When to bring a knife to a gun fight
In 2002 a masked man walked into a store in the state of Wisconsin brandishing a large knife. He pointed it at the clerk behind the counter and demanded that he hand over all of the cash in the register.
His face was concealed and he spoke in a deeper voice so as to minimise any chance of the witness correctly identifying him. The store was located in an area which meant the thief could leave through the side door away from the eyes of the public and make a quick getaway.
However, the plan had one major flaw.
The shop he was robbing was a gun and ammunition store.
The clerk pulled a loaded hand gun out from below the counter and shot the would-be robber in the chest.
The would-be robber survived but was arested at the scene and has been immortalised on the internet as one of the stupidest criminals in the world.
So what can we learn from this story?
“That being a criminal is dangerous, especially if you’re an idiot?”
Well yeah but that’s not really where I was going…
“That you love to pad your articles out with stories unrelated to Magic?”
Well that’s just unfair; I am going somewhere with this…
“That you don’t know how to correctly spell arrested?”
Ok hold on because now we are getting sidetracked.
I’ll just tell you what I was going for. The moral of this story is:
Never bring a knife to a gun fight.
So this is a saying that has been around for a long time and as far as it relates to Magic can be summarised as: Don’t go into a tournament with a deck that is inferior to the other decks being used by the other players.
“Did you really just ‘summarize’ an 8 word phrase with a 20 word sentence?”
Just leave it alright.
So anyway, with a constructed PTQ season approaching I thought I’d write an article that has a look at how to pick a deck that is right for you.
Now plenty of articles have been written about how to choose the right deck for you but most can be summed up as follows:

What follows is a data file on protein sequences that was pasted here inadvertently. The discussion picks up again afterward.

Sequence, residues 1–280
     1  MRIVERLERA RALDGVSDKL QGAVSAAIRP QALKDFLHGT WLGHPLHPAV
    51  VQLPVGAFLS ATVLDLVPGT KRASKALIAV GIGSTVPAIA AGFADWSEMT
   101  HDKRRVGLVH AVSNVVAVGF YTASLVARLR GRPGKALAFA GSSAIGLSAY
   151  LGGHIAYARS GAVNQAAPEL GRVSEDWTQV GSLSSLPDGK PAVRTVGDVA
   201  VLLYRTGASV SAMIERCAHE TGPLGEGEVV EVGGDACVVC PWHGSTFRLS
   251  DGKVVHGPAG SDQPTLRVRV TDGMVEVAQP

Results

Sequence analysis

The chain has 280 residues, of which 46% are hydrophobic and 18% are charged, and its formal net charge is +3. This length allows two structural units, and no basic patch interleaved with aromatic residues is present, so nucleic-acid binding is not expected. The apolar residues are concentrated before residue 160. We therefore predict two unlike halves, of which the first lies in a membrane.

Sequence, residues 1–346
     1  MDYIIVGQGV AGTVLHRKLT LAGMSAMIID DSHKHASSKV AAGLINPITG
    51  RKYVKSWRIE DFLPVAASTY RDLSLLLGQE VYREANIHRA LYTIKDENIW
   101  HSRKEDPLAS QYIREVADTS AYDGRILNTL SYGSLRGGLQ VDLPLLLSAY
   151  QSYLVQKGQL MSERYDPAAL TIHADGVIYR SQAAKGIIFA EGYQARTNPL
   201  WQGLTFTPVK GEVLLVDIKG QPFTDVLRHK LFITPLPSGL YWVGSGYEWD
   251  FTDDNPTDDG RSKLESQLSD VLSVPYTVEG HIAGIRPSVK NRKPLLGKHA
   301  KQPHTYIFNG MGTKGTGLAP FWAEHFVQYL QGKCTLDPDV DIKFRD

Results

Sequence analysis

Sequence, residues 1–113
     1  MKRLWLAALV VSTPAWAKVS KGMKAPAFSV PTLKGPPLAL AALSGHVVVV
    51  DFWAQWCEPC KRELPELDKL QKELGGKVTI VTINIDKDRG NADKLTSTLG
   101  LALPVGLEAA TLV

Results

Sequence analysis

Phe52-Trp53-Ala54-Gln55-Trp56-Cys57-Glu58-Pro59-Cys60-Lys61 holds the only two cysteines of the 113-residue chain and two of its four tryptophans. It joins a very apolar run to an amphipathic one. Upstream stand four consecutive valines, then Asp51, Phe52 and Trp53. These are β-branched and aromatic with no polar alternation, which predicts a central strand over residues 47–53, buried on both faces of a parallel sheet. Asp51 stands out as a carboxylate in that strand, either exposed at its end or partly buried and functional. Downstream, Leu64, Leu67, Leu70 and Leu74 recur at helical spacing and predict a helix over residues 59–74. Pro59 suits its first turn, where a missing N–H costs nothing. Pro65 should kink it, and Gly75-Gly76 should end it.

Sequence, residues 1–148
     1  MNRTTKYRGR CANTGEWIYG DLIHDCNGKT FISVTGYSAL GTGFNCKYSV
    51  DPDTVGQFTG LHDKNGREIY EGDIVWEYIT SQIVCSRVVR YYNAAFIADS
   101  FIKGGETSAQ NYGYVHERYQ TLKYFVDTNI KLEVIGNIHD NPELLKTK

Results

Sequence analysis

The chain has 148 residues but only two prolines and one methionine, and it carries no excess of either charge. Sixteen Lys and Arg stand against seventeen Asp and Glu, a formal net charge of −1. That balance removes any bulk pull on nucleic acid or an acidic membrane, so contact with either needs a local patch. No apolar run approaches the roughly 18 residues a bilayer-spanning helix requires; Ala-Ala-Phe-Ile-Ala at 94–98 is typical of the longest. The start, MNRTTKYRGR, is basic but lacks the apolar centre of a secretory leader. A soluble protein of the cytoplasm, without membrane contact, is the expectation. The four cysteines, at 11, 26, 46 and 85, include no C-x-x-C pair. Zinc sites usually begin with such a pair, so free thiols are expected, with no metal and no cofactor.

Play the best deck; or
If there is no time to learn how to play the best deck play the deck you’re most comfortable/proficient with
Now for the most part this is pretty sound advice. However there is more to take into account when picking a deck.
So despite just explaining the lesson we can all learn from this botched robbery I’m going to spend the rest of the article discussing why this motto isn’t always applicable to Magic and sometimes it could actually be the correct decision to take a knife into a Magic tournament.
Wait! Wait! That did not come out right.
I, and Channel Fireball, hold no responsibility for any player taking a knife into a Magic tournament.
What I meant was that sometimes despite there being an obvious best deck (i.e. the gun) there are a number of factors which could mean that your actual best chance of winning the tournament is to run a strictly “inferior” deck (i.e. the knife).
The “best” deck is not always the best deck for you.
So let’s get started.
When you’re not fast enough off the mark to win a quick draw
Skill intensive mirror matches
Now a lot of people cringe at the very mention of Caw-Blade but there are many others, particularly amongst the top calibre of players, who would say that pre-New Phyrexia (pre-Batterskull) standard was the most skill intensive standard format that we have seen in a very long time.
Caw-Blade was a gun that could pierce bullet proof vests while competing against a field of pointy sticks. The top tables were primarily Caw-Blade mirrors and for the most part these matches were decided by a player’s ability to play tightly and particularly know how to play the mirror.
This was around the time I was just getting back into Magic and knowing that Caw-Blade was the best deck I picked it up and took it to an upcoming PTQ with barely any testing. I started out 4-0 beating various other decks only to lose the next 3 rounds to the mirror and finish in 9th place. I was severely outclassed in the mirror by good players who knew the intricacies of the deck and knew how to beat the mirror. The truth was, there was no way I was ever going to win that event unless I was the only one there playing Caw-Blade.
I could shoot the players with pointy sticks but when it came to facing an opponent with another gun my aim wasn’t good enough and I was too slow with my draw.
Now this doesn’t mean I never had a chance to win the tournament. It just meant that I was never going to win with Caw-Blade. In reality I should have taken a mono red deck list metagamed towards beating Caw-Blade and hoped to draw well all day and get a bit lucky.
But this isn’t as simple as just “know how to win the mirror match”. The truth is that some of us, myself included, will never be the greatest technical players. Each of us has different skills and if you can recognise that maybe you aren’t going to win in a straight up battle of wits on an even playing field, than change the field. Make it not about who can play the tightest. If the mirror match is about skill and the mono red versus Caw-Blade match is about the mono red deck getting a good draw maybe you’re better off being mono red and hoping to get lucky.